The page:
Discussion Starter #6
As LanceL posted, you should be seeing advance from the weights as you increase rpm when the vacuum is disconnected. Usually aggregated it would be plus 14 degree for this part but you'd normally have to be above 3000rpm to see it at full movement.

Quick check in distributor, remove cap then gently turn the rotor with your fingers anti clockwise. It should move against spring pressure (this the springs on the mech) and spring back to home when let go.

Sometimes when a rotor is changed by pulling it off it can dislodge the advance retard components, the above check is to see if that is still in place. It should move smoothly and return without catching anywhere.
Thanks for the thoughts. I was able to turn the rotor counterclockwise about 5 degrees or so and then it sprung back, so that seems normal. Did a timing test again, no vacuum, up to about 2500rpm. Timing is actually retarding ~1-2 degrees rather than advancing at higher rpms. With vacuum on, all seems well. Assume some issue with weight/springs?
 

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Something odd here. That doesn't sound bad, the 5 degree approximately, as it would need 7 on the rotor to effectively have 14 total (crankshaft is moving twice as fast as distributor shaft) to be correct.

You can't turn the rotor the full amount without excessive force, but the bob weights will action this ok from their mechanical advantage. So likely to be total of 7 degrees of rotor shaft movement.

So it seems correct, but the report (observations of timing movement) would suggest otherwise. As it's set ok static and runs ok, I'd suspect something in the measuring method, but can't immediately think what that would be.
 

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At this age (of the car) and with likely unknown history you should really remove, clean and 'overhaul' any suspect part. I might sound a bit scary (and you can mess it up), but I suggest you remove the distributor and take it apart. It is likely gummed up and as said possibly springs detached etc. If the springs are gone/unclipped the weight are just running against the housing giving 0 advance, but allowing the shaft to turn. I have opened a few that are exactly like that - weight wearing a groove inside the housing.

To remove, turn engine to TDC, MARK the orientation of the distributor (distr-block), MARK location of the rotor before and after removal - it rotates slightly dt the skewed gear. Remove bolt and pull out. You obviously have a timing gun so you should be able to reset easily.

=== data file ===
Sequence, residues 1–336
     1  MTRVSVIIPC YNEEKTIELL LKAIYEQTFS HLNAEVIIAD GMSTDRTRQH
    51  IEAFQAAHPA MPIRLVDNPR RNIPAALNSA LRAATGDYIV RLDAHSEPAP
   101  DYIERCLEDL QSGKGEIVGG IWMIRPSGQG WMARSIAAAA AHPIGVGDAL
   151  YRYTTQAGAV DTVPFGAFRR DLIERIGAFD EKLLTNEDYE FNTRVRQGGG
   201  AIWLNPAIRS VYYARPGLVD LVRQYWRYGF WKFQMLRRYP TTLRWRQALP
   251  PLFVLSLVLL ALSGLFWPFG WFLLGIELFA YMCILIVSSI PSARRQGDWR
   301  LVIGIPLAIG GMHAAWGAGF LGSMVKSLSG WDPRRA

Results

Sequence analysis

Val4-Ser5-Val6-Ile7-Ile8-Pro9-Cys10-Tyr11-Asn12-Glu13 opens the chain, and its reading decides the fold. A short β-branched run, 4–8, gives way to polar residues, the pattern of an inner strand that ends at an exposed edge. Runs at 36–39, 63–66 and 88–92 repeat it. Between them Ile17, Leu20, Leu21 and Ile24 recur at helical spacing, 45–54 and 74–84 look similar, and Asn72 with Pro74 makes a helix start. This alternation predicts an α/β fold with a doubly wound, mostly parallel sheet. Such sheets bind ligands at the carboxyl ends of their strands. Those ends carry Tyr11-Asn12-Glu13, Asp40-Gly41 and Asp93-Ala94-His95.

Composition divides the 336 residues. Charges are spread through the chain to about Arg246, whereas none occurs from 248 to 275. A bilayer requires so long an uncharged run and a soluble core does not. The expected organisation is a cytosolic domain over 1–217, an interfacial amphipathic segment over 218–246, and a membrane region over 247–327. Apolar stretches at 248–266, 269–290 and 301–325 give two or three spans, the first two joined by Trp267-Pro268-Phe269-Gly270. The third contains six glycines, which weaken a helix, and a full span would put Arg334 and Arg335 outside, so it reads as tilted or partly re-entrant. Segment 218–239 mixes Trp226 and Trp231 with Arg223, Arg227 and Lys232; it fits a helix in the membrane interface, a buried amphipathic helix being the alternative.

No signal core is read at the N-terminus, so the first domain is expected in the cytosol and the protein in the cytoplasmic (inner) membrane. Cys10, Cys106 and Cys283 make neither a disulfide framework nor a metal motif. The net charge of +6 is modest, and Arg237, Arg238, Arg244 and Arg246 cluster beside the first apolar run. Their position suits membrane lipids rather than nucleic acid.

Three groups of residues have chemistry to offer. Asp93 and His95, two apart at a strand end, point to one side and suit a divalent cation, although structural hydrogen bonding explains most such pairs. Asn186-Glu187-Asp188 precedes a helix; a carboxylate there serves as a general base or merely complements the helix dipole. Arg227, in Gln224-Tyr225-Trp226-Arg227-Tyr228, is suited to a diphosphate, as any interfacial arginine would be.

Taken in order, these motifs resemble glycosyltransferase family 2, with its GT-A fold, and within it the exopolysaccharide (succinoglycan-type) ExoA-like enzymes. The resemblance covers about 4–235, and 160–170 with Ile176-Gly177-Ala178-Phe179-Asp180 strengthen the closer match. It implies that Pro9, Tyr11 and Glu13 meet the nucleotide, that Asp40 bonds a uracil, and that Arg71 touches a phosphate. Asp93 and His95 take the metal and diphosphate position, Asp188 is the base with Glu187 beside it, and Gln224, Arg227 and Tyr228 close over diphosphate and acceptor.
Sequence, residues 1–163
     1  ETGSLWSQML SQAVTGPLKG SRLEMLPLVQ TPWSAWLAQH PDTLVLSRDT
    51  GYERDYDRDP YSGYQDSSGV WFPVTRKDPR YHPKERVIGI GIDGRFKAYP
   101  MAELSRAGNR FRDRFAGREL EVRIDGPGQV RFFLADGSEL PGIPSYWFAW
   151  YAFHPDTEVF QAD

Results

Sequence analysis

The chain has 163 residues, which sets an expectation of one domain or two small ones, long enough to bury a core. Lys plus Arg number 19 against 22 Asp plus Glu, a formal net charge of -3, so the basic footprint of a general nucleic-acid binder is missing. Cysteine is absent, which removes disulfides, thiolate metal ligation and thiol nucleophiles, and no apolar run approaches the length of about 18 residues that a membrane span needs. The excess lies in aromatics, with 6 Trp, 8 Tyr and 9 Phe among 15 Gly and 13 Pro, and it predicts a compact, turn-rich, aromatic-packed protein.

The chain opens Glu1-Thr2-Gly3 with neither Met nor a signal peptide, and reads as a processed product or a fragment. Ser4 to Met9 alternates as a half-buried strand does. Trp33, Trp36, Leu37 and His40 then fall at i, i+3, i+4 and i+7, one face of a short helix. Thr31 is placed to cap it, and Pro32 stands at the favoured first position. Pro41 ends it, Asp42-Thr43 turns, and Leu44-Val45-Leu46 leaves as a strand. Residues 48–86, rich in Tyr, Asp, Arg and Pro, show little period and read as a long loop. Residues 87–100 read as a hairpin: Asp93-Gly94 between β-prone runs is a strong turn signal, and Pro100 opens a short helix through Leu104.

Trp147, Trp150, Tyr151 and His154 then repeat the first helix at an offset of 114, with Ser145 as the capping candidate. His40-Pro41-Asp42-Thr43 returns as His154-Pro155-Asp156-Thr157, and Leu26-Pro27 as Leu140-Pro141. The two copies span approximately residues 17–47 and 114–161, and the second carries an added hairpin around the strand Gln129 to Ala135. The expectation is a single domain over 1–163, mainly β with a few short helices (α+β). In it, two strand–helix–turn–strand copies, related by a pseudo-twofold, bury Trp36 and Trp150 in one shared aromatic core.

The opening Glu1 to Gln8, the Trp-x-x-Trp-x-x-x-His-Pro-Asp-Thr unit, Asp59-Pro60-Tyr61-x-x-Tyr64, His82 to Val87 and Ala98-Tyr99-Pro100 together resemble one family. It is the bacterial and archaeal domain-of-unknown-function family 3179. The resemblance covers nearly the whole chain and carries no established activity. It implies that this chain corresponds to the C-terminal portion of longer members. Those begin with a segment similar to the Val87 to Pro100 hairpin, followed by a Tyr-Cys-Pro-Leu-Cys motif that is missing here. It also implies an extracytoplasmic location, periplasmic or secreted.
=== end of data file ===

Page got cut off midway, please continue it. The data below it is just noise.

There are descriptions on disassembly online. It all comes apart and goes back together mechanically.

On a positive note it is a fairly easy (and cheap) repair and will make a HUGE difference in power and fuel consumption.
 

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1993 Range Rover LWB
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Discussion Starter #10
At this age (of the car) and with likely unknown history you should really remove, clean and 'overhaul' any suspect part. I might sound a bit scary (and you can mess it up), but I suggest you remove the distributor and take it apart. It is likely gummed up and as said possibly springs detached etc. If the springs are gone/unclipped the weight are just running against the housing giving 0 advance, but allowing the shaft to turn. I have opened a few that are exactly like that - weight wearing a groove inside the housing.

To remove, turn engine to TDC, MARK the orientation of the distributor (distr-block), MARK location of the rotor before and after removal - it rotates slightly dt the skewed gear. Remove bolt and pull out. You obviously have a timing gun so you should be able to reset easily.

There are descriptions on disassembly online. It all comes apart and goes back together mechanically.

On a positive note it is a fairly easy (and cheap) repair and will make a HUGE difference in power and fuel consumption.
Well I did it, and was pretty surprised to find that the springs were mounted to the wrong posts, in such a way that the weights were fully "extended" as if the dizzy was spinning at full speed, meaning no further mechanical advance was possible. Put it all back together, re-adjusted timing at idle, and now am getting correct advance without the vacuum under throttle. Last person to reassemble put the springs back incorrectly... thanks to all for your help.
 

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Nice work Flatbed, and less daunting once you commit to getting something apart too.

At least you've now got the right outcome.

Good advice from JS5D and one of the nice aspects of this forum that things can be talked through calmly to bring out ideas.